...might cause someone to develop PTSD,and mind have provided a list of some possible causes, though. Being ina car crash, being raped or sexually assaulted, being abused, harassed orbullied, being kidnapped or held hostage, experiencing violence, being other people hurtor killed, doing a job where you repeatedly see or hear distressing things.Surviving a natural disaster such as flooding, earthquakes or pandemics, and unfortunately thatincludes coronavirus, pandemic. Raumatic childbirth. That could be as the mother orthe partner witnessing or traumatic childbirth, losing someone close to you, being sectionedor getting treatment in a mental health ward, being diagnosed with a life threatening condition. The list goes on and on as to what traumatic events could leadsomeone being diagnosed with post traumatic stress disorder and suffering their symptoms. My personalstory is that I was a police officer, and the causes can be simplified asthe six and seventh bullet points on that list. So seeing other peoplehurt or killed and doing a job where you repeatedly see the stressing images orhere details of dramatic event. But, as you can as we talked about, there are numerous things that can cause it and the symptoms caused by PTSDcan be split into four broad categories. Those are reliving events. I putalertness and feeling on edge, avoidance of feelings and memories and difficult belief andfeelings, and the symptoms that I had actually cover all those categories. Therewas there were stuff from each of those...

...categories that I suffered, which Ithink is quite usual. A few of the main things I experience, orhave experience previously, are flashbacks, nightmares, intrusive thoughts, crying, and Imean like unbelievable, non stop crying that I didn't know it was possiblefor anyone to do like just I might crying off the charts, anxiety,how annoya, distrust, overwhelming feelings of blame, memory loss and panic attack. That my PTSD and and what it feels like, just summed up ina list. It's it's no joke, it's hard and it's real. That'swhat it is and why it happens and what it feels like. How onEarth did I learn the love it? Well, I'll give you a hint. It wasn't overnight. It took it took them work, but three keythings that I did that led to me loving my ptsd are number one,just poor. I talked about it to anyone and everyone who would listen.I told people why I've been off on long term sick. I would brutallyhonest and open with them. If I've been off on long time sick witha physical injury, everyone would expect you to be talking about it. Everyonewould ask you about it, but when it comes to a mental health condition, people are said to ask and people are scared to admit, which iswhy I was so brutally open and honest. I just didn't want to hide behindit. I didn't want other people making up what had happened to me. I'm the consequence of that openness.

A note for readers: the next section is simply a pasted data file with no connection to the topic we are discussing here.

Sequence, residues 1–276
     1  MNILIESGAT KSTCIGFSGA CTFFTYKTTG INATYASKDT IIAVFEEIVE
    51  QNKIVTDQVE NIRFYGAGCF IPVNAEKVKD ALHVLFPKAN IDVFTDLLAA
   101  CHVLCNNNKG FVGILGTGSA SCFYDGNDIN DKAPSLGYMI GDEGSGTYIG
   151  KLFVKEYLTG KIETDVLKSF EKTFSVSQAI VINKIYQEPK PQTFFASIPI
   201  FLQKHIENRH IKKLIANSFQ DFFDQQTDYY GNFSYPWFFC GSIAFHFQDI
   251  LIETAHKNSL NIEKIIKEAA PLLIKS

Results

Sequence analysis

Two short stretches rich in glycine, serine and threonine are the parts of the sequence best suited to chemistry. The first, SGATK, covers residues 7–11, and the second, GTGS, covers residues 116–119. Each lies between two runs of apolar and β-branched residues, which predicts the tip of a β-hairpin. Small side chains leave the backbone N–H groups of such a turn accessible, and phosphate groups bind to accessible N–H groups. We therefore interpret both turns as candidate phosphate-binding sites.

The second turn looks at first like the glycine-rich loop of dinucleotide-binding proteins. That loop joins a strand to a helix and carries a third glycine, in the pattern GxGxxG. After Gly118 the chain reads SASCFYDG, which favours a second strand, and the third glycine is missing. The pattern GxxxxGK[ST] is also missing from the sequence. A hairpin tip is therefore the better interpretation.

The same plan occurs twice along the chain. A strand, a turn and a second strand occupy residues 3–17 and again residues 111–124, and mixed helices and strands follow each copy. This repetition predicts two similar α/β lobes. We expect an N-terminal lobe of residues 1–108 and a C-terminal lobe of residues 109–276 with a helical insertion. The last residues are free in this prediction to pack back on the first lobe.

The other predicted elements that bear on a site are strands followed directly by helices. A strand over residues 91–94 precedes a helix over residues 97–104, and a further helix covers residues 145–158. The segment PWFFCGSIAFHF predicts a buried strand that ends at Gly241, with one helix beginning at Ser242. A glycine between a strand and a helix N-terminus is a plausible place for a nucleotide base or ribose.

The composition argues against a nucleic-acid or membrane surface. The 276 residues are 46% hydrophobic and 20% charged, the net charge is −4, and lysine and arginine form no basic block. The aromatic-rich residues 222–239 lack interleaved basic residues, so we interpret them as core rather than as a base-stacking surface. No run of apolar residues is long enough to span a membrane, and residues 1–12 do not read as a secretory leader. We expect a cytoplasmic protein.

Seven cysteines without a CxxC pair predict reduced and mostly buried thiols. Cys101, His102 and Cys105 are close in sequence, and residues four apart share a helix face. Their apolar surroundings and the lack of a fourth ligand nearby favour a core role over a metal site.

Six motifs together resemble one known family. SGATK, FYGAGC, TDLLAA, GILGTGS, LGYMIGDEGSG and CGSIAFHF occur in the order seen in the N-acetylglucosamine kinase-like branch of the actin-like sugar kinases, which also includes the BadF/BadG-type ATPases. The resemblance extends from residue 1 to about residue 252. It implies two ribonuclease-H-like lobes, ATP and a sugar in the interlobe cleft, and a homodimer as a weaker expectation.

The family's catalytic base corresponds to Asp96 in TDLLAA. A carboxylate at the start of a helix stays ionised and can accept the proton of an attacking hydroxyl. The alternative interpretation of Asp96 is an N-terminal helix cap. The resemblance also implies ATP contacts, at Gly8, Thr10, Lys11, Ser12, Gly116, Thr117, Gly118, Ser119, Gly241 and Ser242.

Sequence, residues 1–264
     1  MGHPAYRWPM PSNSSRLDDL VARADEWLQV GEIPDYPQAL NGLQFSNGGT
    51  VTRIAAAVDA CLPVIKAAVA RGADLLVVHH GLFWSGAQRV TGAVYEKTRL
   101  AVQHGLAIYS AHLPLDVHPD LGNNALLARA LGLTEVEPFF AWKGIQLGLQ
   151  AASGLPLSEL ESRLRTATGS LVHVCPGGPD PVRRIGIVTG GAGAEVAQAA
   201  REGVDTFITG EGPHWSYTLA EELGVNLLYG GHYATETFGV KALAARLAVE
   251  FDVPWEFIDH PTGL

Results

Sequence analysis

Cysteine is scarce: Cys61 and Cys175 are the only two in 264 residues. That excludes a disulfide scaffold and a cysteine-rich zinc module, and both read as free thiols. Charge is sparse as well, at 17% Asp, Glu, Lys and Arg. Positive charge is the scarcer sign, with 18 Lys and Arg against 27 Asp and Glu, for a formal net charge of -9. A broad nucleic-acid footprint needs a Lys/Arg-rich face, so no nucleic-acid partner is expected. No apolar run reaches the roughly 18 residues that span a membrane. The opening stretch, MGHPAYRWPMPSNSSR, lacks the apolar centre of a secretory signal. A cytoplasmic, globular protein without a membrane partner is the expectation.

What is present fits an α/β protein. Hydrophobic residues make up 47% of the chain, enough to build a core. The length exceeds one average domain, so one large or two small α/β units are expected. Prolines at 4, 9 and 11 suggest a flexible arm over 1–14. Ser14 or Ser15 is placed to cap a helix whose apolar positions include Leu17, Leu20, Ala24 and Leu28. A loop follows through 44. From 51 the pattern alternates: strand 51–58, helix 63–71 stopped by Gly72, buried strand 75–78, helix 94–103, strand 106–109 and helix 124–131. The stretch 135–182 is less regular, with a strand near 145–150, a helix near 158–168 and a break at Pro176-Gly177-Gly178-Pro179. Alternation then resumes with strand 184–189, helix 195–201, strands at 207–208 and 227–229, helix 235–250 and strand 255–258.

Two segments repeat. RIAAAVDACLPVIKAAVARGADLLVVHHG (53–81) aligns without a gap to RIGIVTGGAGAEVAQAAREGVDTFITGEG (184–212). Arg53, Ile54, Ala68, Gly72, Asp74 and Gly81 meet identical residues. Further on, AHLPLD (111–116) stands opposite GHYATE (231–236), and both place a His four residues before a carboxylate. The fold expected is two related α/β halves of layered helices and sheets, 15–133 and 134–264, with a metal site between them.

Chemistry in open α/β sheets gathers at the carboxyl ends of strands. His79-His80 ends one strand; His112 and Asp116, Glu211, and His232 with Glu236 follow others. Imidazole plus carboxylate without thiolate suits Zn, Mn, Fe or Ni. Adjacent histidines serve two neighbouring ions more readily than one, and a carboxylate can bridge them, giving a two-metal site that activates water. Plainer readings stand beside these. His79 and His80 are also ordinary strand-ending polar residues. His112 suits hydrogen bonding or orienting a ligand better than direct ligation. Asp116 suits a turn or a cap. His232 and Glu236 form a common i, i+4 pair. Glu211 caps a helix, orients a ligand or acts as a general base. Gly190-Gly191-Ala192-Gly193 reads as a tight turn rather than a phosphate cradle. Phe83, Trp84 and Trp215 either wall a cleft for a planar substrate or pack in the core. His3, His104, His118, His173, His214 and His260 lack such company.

With that other people were open andhonest with me. They told me their own stories. Walking helped me andit helped them, and suddenly I felt like as part of some secret club. And at times it seemed like the people with mental health conditions outnumbered thosewithout mental health conditions, although maybe that's something to do with working in thepolice, I don't know. The more I taught, the more comfortable Ibecame with it. I didn't have to say much to let people know usfeeling triggered and needed to remove myself from a situation. People were able tounderstand what was going on for me, people stepped in and helped me out. I also partook in talking therapies, and now I've had good therapists andI have had bad therapists, and I would advise anyone just to keep goinguntil you find someone that suits you. They are life savers. They areworth their weight in gold. That could be a podntive behavioral therapist, itcould be someone who specializes in Edmr for D PTSD would be a psychiatrist.There are so many different professions out there who can help you. It's justpags of finding someone you really feel comfortable talking to. And Point two wasI gave myself time. I gave myself time to adjust, time to rest, time for talking, therapies to work, time for medication to work. Ihad space away from my triggers and face to let my brain do whatit needed to do to get itself,...

...you know, functioning again, gettingitself to a better place. And with that time came reflection. So mypoint three is reflect after my diagnosis, I reevaluated my values and belief.I was different. I had empathy like I had never experienced empathy before.I didn't want be the person I had been before. The truth is Ididn't really like her very much. I became nicer, more patient through myexperience, dience of poor mental health. My PTSD changed my life, experience, my values and my attitude. It wasn't for my PTSD I wouldn't behere talking to you today. I wouldn't be as comfortable as I am inmy own skin. I wouldn't push myself to try new things. I wouldn'thave this microphone attached to my desk. I wouldn't be recording my voice.WITHOUT PTSD, I would still be wearing that uniform of a police officer,as there are, a costume, pretending to know who I was and whatI was doing. But instead I'm here. I know myself better than I've everknown myself. I know what I can do and what I can achievein life. No, it's not easy, but I know what's possible. Now, now, could I not love something that led me to being righthere, right now? You're listening to this and you are going through adifficult time. You are not alone or yourself. Kine and allow yourself toreflect on what really matters to you. Now, reach out and get theport except support when it is given to...